Tyalgum village fears a flooded future
By PETER CATON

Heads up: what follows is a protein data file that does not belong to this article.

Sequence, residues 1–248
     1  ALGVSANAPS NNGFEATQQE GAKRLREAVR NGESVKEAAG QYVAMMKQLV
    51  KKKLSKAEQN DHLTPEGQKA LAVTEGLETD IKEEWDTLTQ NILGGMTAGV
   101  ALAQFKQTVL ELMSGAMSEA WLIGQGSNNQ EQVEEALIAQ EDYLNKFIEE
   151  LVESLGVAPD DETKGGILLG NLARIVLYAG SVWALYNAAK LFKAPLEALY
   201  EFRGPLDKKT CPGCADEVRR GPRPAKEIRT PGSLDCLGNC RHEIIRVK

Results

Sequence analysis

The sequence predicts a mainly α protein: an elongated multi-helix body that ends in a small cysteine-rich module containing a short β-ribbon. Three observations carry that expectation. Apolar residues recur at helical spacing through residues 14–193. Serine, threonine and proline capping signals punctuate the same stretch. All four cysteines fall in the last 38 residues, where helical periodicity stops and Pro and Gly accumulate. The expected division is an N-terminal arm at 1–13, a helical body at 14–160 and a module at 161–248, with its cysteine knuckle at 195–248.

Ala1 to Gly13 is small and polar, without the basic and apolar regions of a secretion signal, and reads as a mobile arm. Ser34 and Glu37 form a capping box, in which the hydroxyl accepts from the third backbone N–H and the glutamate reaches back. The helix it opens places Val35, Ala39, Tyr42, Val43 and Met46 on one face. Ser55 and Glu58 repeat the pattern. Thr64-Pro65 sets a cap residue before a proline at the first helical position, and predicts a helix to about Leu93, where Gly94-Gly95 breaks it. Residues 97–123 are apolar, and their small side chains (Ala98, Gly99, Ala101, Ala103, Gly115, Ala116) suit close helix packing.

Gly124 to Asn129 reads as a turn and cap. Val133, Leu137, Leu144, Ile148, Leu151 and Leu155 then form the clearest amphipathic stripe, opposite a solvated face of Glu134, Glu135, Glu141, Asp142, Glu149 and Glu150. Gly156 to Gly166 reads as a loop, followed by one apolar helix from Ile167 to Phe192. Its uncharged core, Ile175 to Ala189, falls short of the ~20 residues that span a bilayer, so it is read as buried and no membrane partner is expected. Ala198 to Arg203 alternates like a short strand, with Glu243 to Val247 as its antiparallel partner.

JIM Warburton fears the Tweed hinterland village of Tyalgum would be wiped off the map by Federal Government plans to dam the Oxley River. According to Mr Warburton, secretary of the Caldera Environment Centre, a study by local conservationists shows Tyalgum and nearby districts such as Limpinwood and Pumpenbil would be flooded by a likely 30-metre high dam wall. The Oxley River would cease to be a flowing waterway and scores of rural properties including tourist retreats would be left inaccessible. Alarmed environmentalists have called an emergency public meeting at the Tyalgum Hall from 7.30pm tonight to condemn the plan. Mr Warburton said a study of contour maps had revealed the huge area which would be inundated by a dam at Rocky Cutting on the Oxley River between Murwillumbah and Tyalgum. The dam was proposed in a report released two weeks ago by Federal Environment and Water Resources MINISTER Malcolm Turnbull which recommended pumping water from the NSW North Coast to drought-ravaged south east Queensland. Water from the Rocky Cutting dam would be piped over the nearby McPherson range into the Nerang River. Mr Warburton said conservationists feared the option would be preferred over other proposals to dam upper reaches of the Clarence River because "it's bigger and cheaper". He said the Rocky Cutting dam would hold between 25,000 and 45,000 megalitres depending on the height of the dam wall. That was far more than the likely 15,000 megalitre that would be held by a dam at Byrill Creek, west of Mount Warning, where Tweed Shire Council bought necessary land in the 1990s. Mr Warburton said conservationists feared not only the loss of Tyalgum and surrounding properties but the death of the Oxley River ? named after famed explorer John Oxley whose discoveries included the site of Brisbane. "The dam will kill the Oxley River. "It reduces environmental flow below the dam and floods everything above it," he said. "The Oxley is in stress now because it is low. "The river has algae growth in it and people may have to stop pumping out of it." Mr Warburton said the mapping revealed a 30 metre high dam wall required for sufficient storage would result in the inundation of Tyalgum. Even a 20-metre high wall he said would leave water lapping the edge of the village.